The Justice Department has reversed course in a federal employee's lawsuit accusing the United States of unlawfully refusing to offer same-sex couples equal health care options, now saying the law banning recognition of same-sex marriage is unconstitutional. The government's about-face came in response to employee Karen Golinski's summary judgment motion filed in the U.S. District Court for the Northern District of California.

Discrimination: MORTGAGE INSURER BIASED AGAINST WOMEN ON MATERNITY LEAVE, U.S. SAYS, United States v. Mortgage Guaranty Ins. Corp., 21 No. 40 Westlaw Journal Insurance Coverage 5, Westlaw Journal Insurance Coverage July 15, 2011
The Justice Department alleges in a Pennsylvania federal court lawsuit that Mortgage Guaranty Insurance Corp. discriminates against women who are on maternity leave by refusing to insure their mortgages. The government says MGIC's allegedly biased practices violate the Fair Housing Act, 42 U.S.C. 3601, which prohibits discrimination in housing and mortgage lending based on race, color, religion, national origin, gender, disability and familial status.

Employee Theft: NO COVERAGE FOR CUSTOMER LISTS STOLEN BEFORE POLICY ISSUED, JUDGE RULES, Response Pers. v. Hartford Fire Ins. Co., 21 No. 40 Westlaw Journal Insurance Coverage 6, Westlaw Journal Insurance Coverage July 15, 2011
An insurance policy's discovery provision barred coverage for the alleged theft of customer lists by a staffing agency's former employees because the agency knew about its losses two years before the policy was even issued, a New York federal judge has ruled. U.S. District Judge Denise Cote of the Southern District of New York found that when Response Personnel Inc. sued the employees in 2004 over the allegedly stolen customer lists, the staffing firm acknowledged its losses.

Life Insurance: METLIFE RENEGED ON LIFETIME BENEFITS GUARANTEE, GM RETIREES SAY, Haviland v. MetLife, 21 No. 40 Westlaw Journal Insurance Coverage 7, Westlaw Journal Insurance Coverage July 15, 2011
Forty-five retired General Motors workers have filed a class-action lawsuit in Michigan state court, accusing Metropolitan Life Insurance Co. of unlawfully reducing their guaranteed life insurance benefits. The retirees sued MetLife in the Wayne County Circuit Court over a promise that they would receive full life insurance benefits for the rest of their lives. The complaint states claims for conversion, unjust enrichment, breach of contract, fraud, intentional infliction of emotional distress.

Life Insurance: NEW YORK SUBPOENAS 9 LIFE INSURANCE COMPANIES, SOURCE SAYS, 21 No. 40 Westlaw Journal Insurance Coverage 8, Westlaw Journal Insurance Coverage July 15, 2011
NEW YORK, July 5 (Reuters) - New York's top legal officer has sent subpoenas to nine leading life insurers, seeking information about their practices in identifying and paying out policies for deceased customers, according to a person familiar with the matter. New York Attorney General Eric Schneiderman sent subpoenas in June to units of AXA SA, Genworth Financial Inc., Guardian Life Insurance Co. of America, Manulife Financial Corp., Massachusetts Mutual Life Insurance Co., MetLife Inc., etc.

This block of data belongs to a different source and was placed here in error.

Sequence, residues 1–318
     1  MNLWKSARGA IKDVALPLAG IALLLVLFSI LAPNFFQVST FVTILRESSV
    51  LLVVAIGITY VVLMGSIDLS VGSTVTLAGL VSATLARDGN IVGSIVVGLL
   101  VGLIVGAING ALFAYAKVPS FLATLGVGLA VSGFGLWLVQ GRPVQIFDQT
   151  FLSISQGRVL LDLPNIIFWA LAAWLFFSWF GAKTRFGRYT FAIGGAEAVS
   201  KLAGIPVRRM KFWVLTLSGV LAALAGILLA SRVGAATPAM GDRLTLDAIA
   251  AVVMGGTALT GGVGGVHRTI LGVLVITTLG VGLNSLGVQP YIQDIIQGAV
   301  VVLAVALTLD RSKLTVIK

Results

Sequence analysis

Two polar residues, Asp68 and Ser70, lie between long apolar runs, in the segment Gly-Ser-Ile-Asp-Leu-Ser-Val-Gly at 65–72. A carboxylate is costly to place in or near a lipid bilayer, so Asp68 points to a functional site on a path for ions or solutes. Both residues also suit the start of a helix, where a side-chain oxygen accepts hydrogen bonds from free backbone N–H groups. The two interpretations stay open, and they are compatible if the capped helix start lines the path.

Title Insurance: CALIFORNIA FEDERAL JUDGE ORDERS ARBITRATION IN TITLE INSURANCE DISPUTE, In re Cal. Title Ins. Antitrust Litig., 21 No. 40 Westlaw Journal Insurance Coverage 9, Westlaw Journal Insurance Coverage July 15, 2011
A class-action dispute over whether the nation's largest title insurers and their affiliates monopolized California's title insurance market should be arbitrated in light of a recent U.S. Supreme Court decision, a federal judge in San Francisco has ruled. U.S. District Judge Jeffrey S. White of the Northern District of California agreed with five title insurance companies and their affiliates that the Supreme Court's ruling in AT&T Mobility LLC v. Concepcion, 131 S. Ct. 1740 (2011), allowed it.

Mold Damage: COVERAGE DENIAL FOR MOLD DAMAGE NOT BAD FAITH, Rooters v. State Farm, 21 No. 40 Westlaw Journal Insurance Coverage 11, Westlaw Journal Insurance Coverage July 15, 2011
An insurance carrier did not act in bad faith when it refused to pay an insured for mold damage caused by a hailstorm where the policy contained a mold exclusion, the 5th U.S. Circuit Court of Appeals has ruled. The three-judge panel rejected the insured's argument that the carrier should pay to clean up the mold infestation because the condition was caused by water intrusion, a covered peril.Siding with the insurer, the court relied on Fiess v. State Farm Lloyds, 202 S.W.3d 744 (Tex. 2006).

Chinese Drywall: CHINESE DRYWALL-RELATED LOSS NOT AN 'ACCIDENT' FOR COVERAGE PURPOSES, Lopez v. Shelter Ins., 21 No. 40 Westlaw Journal Insurance Coverage 12, Westlaw Journal Insurance Coverage July 15, 2011
An insurance carrier did not act in bad-faith by denying coverage for personal injuries and damage caused by Chinese drywall as the loss was not caused by an "accident," a Mississippi federal judge has ruled. U.S. District Judge Tom S. Lee of the Southern District of Mississippi also ruled that the drywall-related loss was subject to policy exclusions for "contamination" and "faulty materials."In December 2007 Ron and Christie Lopez bought a newly constructed home in Waynesboro, Miss.